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Thread: What constitutes a 'correct' histogram?

  1. #41
    Administrator Manfred M's Avatar
    Join Date
    Mar 2012
    Ottawa, Canada
    Real Name
    Manfred Mueller

    Re: What constitutes a 'correct' histogram?

    Terminology is something that we can always split hairs over. I have the same issue as Urban when it comes to what is happening at the lower end, where the situation is effectively a lack of signal (due to a lack of photons), not an overflow situation. On the other hand, common use tends morph terminology, even though the original meaning of the definition gets garbled. If someone writes "clipping shadow values", most people will understand what is meant. In some ways this is a "feature" of the English language and allows it to evolve - there is no English "language police" that keeps the language "pure". I'm sure the Acadamie Francaise would certainly frown on this type of use in the French language and do its best to stamp it out.

    With respect to under exposure, one of my professors, who was not sympathetic to students showing up with heavily underexposed work, would always say "just add more light". Just let me add, it wasn't a landscape photography course...

  2. #42

    Join Date
    Aug 2010
    Stockholm, Sweden (and sometimes Santiago de Cuba)
    Real Name
    Urban Domeij

    Re: What constitutes a 'correct' histogram?

    Maybe the thread can be wrought back to subject?

    I think the question is a bit odd, as any histogram is a correct histogram. But maybe it was meant to ask how to get the "best" histogram, which is rather easy to answer.

    There simply isn't a "best" histogram. When talking RAW histograms, ideally the whole histogram should fall within limits; i.e. if the histogram ends just at the baseline at both ends, all tones within the scene can be rendered in the resulting image.

    The shape of the histogram can also tell us something. A histogram that consists of a hump, one and only one hump or maybe even a huge tower, then the scene is a low contrast scene. It is low key when the hump is to the left and high key if the hump is to the right. Nevertheless, a hump is typical of a low contrast scene.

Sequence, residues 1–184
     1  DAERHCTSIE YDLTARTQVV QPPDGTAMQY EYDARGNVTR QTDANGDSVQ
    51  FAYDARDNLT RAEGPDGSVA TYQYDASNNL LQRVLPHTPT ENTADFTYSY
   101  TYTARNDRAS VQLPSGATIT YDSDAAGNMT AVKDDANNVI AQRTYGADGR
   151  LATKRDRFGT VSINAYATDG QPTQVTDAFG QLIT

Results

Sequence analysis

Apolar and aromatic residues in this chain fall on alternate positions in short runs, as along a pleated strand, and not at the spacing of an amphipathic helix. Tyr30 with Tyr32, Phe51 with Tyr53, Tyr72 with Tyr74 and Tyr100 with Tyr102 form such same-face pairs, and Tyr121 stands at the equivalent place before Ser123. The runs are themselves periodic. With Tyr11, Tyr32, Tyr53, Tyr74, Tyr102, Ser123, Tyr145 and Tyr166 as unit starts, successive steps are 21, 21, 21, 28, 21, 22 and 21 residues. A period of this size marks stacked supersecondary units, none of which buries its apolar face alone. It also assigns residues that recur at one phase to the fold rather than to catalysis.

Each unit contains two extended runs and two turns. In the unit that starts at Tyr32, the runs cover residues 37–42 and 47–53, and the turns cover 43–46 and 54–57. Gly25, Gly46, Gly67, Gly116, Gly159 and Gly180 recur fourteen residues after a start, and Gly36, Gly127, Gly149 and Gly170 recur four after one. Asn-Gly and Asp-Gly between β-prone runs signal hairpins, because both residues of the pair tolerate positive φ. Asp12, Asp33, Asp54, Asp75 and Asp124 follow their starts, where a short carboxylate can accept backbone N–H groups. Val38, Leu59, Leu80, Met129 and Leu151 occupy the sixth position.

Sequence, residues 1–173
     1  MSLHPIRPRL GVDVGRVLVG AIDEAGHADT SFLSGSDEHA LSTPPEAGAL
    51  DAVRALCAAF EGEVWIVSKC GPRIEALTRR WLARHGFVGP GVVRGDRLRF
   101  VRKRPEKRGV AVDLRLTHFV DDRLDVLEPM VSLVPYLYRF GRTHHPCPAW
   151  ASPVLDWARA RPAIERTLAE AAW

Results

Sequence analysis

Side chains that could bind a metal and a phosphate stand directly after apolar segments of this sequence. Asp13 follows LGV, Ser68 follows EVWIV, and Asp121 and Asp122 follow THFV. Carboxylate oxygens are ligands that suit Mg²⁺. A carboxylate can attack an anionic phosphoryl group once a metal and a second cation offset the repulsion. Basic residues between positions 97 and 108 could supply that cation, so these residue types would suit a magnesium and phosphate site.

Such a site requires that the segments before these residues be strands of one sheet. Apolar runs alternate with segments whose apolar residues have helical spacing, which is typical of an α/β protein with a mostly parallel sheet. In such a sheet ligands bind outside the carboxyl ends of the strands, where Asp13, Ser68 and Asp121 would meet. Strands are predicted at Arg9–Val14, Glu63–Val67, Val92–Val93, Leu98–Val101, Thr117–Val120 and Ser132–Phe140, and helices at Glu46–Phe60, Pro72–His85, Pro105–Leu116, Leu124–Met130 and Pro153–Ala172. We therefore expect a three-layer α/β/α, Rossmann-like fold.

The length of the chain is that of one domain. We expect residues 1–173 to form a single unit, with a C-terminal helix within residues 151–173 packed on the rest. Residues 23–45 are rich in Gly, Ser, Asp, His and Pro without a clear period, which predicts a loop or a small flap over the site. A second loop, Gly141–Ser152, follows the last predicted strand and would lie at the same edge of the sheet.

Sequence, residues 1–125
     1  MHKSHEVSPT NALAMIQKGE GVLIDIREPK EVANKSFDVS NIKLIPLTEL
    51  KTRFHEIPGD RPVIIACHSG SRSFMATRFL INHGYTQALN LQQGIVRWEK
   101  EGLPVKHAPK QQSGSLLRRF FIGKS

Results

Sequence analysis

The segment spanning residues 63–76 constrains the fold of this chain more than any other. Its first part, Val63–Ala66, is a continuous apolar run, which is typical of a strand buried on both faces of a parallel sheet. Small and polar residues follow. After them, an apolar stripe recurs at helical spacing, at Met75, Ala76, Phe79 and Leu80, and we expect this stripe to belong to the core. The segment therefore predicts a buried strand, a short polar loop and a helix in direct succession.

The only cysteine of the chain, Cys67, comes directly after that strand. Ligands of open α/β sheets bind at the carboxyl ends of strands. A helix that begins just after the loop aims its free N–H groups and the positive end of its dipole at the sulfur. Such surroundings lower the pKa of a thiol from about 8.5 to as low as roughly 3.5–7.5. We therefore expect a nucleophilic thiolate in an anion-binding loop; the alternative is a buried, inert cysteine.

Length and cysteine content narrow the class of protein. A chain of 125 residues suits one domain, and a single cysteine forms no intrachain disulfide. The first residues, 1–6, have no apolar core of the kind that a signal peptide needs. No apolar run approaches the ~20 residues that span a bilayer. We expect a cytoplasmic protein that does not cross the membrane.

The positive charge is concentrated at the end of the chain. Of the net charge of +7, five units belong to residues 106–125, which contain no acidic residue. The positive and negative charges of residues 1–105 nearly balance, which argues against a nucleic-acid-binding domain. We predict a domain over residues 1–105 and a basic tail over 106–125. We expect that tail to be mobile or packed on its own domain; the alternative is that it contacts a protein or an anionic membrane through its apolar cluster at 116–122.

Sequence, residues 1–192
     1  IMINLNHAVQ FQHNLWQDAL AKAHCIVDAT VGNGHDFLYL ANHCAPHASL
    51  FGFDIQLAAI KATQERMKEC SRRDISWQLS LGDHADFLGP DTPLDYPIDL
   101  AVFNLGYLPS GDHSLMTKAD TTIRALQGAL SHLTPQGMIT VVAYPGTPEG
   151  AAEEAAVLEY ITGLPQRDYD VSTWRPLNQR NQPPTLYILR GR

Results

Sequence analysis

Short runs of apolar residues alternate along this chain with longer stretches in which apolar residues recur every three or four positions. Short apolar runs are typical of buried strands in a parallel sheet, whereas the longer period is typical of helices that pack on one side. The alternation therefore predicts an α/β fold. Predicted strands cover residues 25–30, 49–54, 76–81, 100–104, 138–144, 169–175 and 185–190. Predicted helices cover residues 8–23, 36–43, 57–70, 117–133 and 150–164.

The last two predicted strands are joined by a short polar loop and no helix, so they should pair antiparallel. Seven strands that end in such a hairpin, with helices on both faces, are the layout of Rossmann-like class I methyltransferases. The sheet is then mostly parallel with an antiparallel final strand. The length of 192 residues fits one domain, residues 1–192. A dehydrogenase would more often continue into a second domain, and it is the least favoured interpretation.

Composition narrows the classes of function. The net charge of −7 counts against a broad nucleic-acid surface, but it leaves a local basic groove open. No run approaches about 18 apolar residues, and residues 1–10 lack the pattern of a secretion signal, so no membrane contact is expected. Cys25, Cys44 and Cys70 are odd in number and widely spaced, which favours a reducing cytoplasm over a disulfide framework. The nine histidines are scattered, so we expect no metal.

A high contrast scene can have the entire histogram flat or rather flat, or it can have some smaller humps. If there are two humps to either side of the histogram, with a mostly flat histogram inbetween them, it is indeed a sign of a high contrast scene. But whichever way you put it, the resulting histogram depends on the scene and the exposure. If the entire histogram is within bounds, not piling up to any side, but sloping toward the little tips where it vanishes at each end, the dynamic range of the scene is contained within the exposure.

    As a general rule, mostly we don't want the histogram to pile up at the very right edge, the brightest part of the image. Some clipping pixels can be allowed, but not wholesale clipping with an upward slope toward the right border.

    The left end is different. sometimes it is simply inevitable that dark pixels, pitch black, pile up toward the left end of the histogram. This is OK, as long as important image information is not lost in total blackness. There are solutions if you need those dark areas to show more detail. Either you can just expose more, if there is space on the right side, with a lot of baseline to the right, which indicates that the image was perhaps underexposed. But, you can also do a HDR image by combining two or more exposures, merging them and tone mapping, to get an LDR image of the HDR scene. It is also possible, if the bright pixels are not important to image content, to just blow the highlights and expose for the shadows.

    So the histogram may carry important information, and every histogram is 'correct', but if you have a lot of baseline without image content to the right side of it, you are free to use it by exposing more, thus getting less noise in the shadows and more latitude to pp manipulation.

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